When we think of motorcycle inventors who built bikes that bore their names, the likes of John Britten and Erik Buell spring readily to mind. In postwar Italy, Francesco Laverda achieved a similar status in motorcycle development.
With the help of a friend and fellow worker, Francesco designed and built Laverda’s first motorcycle at home in his spare time. Then, like Britten and Buell, he used racing success to establish the legend of Laverda.
Francesco Laverda was no ordinary man. He graduated from the University of Padova in 1937 with a degree in pure physics. Soon he joined the agricultural tool company founded by his grandfather Pietro Laverda in 1873, but it quickly became obvious his mind was thinking way beyond plows and tillers.
Italy emerged from World War II as a fragile democracy bolstered by massive U.S. aid, as much as $1.5 billion from 1948 to 1952. What followed was an economic miracle. From a largely rural-based economy, Italy was transformed into a manufacturing and design powerhouse. By the late 1950s, industrial output was increasing at 10 percent a year with almost full employment.
Francesco Laverda rode this tidal wave of opportunity and he brought his physics background to bear on the clever design of the first Laverda motorcycle. Although it was planned as a low-cost commuter, Francesco ensured it would also be a contender in the developing road racing scene.
Long-distance events saw small-capacity racers locked in a battle that swept through villages and cities. Chief among these events was the Moto Giro d’Italia, which by 1954 had 50 different manufacturers entered and was running more than 2,000 miles over eight stages. But we’re getting ahead of ourselves.
In 1947, Francesco created his prototype by designing one of Italy’s first 4-stroke motorcycle engines. His university studies of thermodynamics were used to ensure that the 75cc pushrod, overhead valve, single-cylinder engine ran cooler than its marketplace rivals and outlasted its race track opponents. The unit-construction engine had a gear-driven primary, a multi-plate clutch in an oil bath and a 3-speed gearbox.
While the standard version of the engine produced a modest 3 horsepower at 5,200rpm, racing versions pumped out 8 horsepower and revved to around 12,000rpm. Scale these figures up and you’re looking at an astonishing 107 horsepower per liter. Francesco had turned pure physics into applied physics (pure physics studies the basics of energy and motion while applied physics uses these theories to solve technological problems). Francesco worked with fellow Laverda employee Luciano Zen on the prototype, and Luciano, despite lacking formal qualifications, eventually became Moto Laverda’s chief design engineer.
It took Francesco three years to get his Laverda from design through prototype, and finally into production in 1950. During this time, cost considerations meant it lost the large alloy casing that enclosed the final drive and gears. The original goal was to offer a low-maintenance solution to the conventional chain and sprockets, which tended to wear quickly from exposure to dirt as many roads in Italy were unpaved back then.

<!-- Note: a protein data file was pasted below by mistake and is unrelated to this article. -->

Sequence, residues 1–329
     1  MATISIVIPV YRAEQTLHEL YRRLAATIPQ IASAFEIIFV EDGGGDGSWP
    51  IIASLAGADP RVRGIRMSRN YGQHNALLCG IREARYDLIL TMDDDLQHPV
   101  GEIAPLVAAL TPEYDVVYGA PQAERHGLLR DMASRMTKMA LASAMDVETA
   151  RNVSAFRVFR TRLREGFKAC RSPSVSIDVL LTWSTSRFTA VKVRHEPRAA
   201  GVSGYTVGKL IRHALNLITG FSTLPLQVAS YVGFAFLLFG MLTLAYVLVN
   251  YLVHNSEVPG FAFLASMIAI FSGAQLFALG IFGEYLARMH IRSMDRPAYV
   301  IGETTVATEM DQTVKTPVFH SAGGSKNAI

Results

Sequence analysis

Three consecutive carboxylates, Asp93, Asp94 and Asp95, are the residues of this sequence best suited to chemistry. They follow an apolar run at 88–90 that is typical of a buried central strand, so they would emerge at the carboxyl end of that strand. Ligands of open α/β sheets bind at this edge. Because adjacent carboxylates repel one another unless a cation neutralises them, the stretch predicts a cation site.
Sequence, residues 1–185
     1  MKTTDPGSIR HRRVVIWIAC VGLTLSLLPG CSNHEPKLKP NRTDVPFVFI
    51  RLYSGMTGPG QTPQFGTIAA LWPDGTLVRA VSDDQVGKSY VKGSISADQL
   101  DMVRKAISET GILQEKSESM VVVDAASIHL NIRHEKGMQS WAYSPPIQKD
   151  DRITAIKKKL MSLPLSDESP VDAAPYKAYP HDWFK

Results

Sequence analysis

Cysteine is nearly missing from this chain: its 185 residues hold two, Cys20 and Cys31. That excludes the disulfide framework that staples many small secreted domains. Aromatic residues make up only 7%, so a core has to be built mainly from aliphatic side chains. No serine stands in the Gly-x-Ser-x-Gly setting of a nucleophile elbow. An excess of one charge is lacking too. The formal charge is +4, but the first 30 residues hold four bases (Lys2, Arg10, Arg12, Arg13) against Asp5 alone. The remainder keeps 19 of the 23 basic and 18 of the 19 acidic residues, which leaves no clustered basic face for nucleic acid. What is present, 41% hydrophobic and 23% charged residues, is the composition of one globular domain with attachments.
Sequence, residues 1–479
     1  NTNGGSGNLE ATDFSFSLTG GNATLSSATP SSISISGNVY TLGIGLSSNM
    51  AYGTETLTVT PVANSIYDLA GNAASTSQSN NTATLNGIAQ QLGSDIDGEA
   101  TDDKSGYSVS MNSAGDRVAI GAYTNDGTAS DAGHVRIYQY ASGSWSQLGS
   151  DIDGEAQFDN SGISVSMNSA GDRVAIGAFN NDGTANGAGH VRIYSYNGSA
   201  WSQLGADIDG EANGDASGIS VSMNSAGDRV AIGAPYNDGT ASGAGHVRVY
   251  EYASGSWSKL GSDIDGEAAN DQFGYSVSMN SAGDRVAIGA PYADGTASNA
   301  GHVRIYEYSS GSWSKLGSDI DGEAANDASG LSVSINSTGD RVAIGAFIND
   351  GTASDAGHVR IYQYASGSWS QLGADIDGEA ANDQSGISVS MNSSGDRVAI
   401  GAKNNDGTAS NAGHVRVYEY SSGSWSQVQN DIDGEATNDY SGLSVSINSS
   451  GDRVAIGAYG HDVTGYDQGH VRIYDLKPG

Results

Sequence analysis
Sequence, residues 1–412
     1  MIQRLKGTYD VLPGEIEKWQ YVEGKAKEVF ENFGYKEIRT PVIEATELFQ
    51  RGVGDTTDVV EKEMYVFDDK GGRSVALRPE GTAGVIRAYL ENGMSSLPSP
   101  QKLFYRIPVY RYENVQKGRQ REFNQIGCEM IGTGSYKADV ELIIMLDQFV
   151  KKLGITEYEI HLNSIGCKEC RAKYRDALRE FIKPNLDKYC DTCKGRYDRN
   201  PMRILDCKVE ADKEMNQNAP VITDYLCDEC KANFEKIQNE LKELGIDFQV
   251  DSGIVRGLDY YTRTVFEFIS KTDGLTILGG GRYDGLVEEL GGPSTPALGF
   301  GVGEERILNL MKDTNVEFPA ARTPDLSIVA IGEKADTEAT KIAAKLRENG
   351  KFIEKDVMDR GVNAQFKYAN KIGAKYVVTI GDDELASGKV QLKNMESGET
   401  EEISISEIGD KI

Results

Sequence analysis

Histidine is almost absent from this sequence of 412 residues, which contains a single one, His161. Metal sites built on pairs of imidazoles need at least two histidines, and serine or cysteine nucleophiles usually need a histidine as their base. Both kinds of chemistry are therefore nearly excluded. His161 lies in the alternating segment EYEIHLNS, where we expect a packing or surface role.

Girder-style forks were at the front, while the rear swingarm rode on a cantilever spring attached to the engine. Rugged reliability was the hallmark of the production Laverda, and fuel economy its crowning glory. In the right circumstances it would sip fuel at a miserly rate of 200 miles to the gallon (1.17 liters per 100km). Weighing just 143 pounds and with a top speed of about 45mph, the Tourismo 75 was an instant hit. Within five years Moto Laverda was a household name in Italy.
Moto Laverda would produce nearly 40,000 small-capacity motorcycles over the next decade. Its sales slogan was L’utilitaria che vince le corse!, which translates as “the commuter which wins races!”
Racing was key to sales publicity and Laverda soon produced a Sport model for road racing and a Regolarita (literally, “regularity”) version for clubman’s reliability trials. In the 1952 Milano-Taranto race, which ran the length of Italy non-stop, Sport 75s filled the first five places in their class, with 16 Laverda 75s in the top 20. The next year they filled the top 14 places, with class winner Guido Mariani averaging 50.5mph over 1,895 miles.
The 75 was taken out to 100cc in 1954 and the wins continued. Laverda released the 4-stroke 49cc Laverdino moped in 1958 and a mini-scooter in 1960. For 1961, Laverda brought out its first parallel twin, the 200cc Twin, which weighed 264 pounds and had a top speed of almost 70mph.
It’s not often an original prototype survives, so take a close look at this one while reminding yourself that some of the parts (including the piston) were actually cast in the family kitchen. It’s obvious that some fittings, such as the oil tank, carrier and pressed-steel frame, owe much to the agricultural industry, but the little engine is a beauty, with deep finning and an elegant simplicity that is timeless.
Based on Laverda’s standard 75 Tourismo that went into production in 1950, the 75 Sport was essentially a production racer intended for the increasingly popular road races then run across Italy. Introduced in 1952, it proved very successful, consistently winning the 75cc category, including taking the top 14 positions in the 1953 Milano-Taranto race. Early bikes used a pressed-steel frame, while later machines had a dual downtube loop frame. The bike shown here was ridden by factory rider Genunzio Silvagni to win the 75cc class in both the 1956 and 1957 Motogiro d’Italia races. The bike was also used for short circuit racing, with the lights and number plate removed. In this configuration power was upped to 12 horsepower compared to 9 horsepower at 10,500rpm in long distance trim. Weighing only 143 pounds, it had a top speed just shy of 75mph. MC
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